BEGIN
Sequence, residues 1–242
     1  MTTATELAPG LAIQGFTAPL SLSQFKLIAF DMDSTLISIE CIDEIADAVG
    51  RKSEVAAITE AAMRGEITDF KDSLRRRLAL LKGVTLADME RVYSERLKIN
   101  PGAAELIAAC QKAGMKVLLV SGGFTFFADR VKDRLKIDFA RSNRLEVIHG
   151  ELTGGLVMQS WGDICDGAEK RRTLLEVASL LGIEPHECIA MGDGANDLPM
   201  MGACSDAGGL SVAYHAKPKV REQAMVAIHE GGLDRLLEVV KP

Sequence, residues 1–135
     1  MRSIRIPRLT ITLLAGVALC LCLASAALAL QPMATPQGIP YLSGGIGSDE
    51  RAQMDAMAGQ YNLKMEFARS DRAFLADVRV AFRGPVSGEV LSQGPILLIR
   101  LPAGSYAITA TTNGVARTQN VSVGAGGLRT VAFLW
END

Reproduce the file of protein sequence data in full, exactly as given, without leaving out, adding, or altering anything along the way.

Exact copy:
Sequence, residues 1–242
     1  MTTATELAPG LAIQGFTAPL SLSQFKLIAF DMDSTLISIE CIDEIADAVG
    51  RKSEVAAITE AAMRGEITDF KDSLRRRLAL LKGVTLADME RVYSERLKIN
   101  PGAAELIAAC QKAGMKVLLV SGGFTFFADR VKDRLKIDFA RSNRLEVIHG
   151  ELTGGLVMQS WGDICDGAEK RRTLLEVASL LGIEPHECIA MGDGANDLPM
   201  MGACSDAGGL SVAYHAKPKV REQAMVAIHE GGLDRLLEVV KP

Sequence, residues 1–135
     1  MRSIRIPRLT ITLLAGVALC LCLASAALAL QPMATPQGIP YLSGGIGSDE
    51  RAQMDAMAGQ YNLKMEFARS DRAFLADVRV AFRGPVSGEV LSQGPILLIR
   101  LPAGSYAITA TTNGVARTQN VSVGAGGLRT VAFLW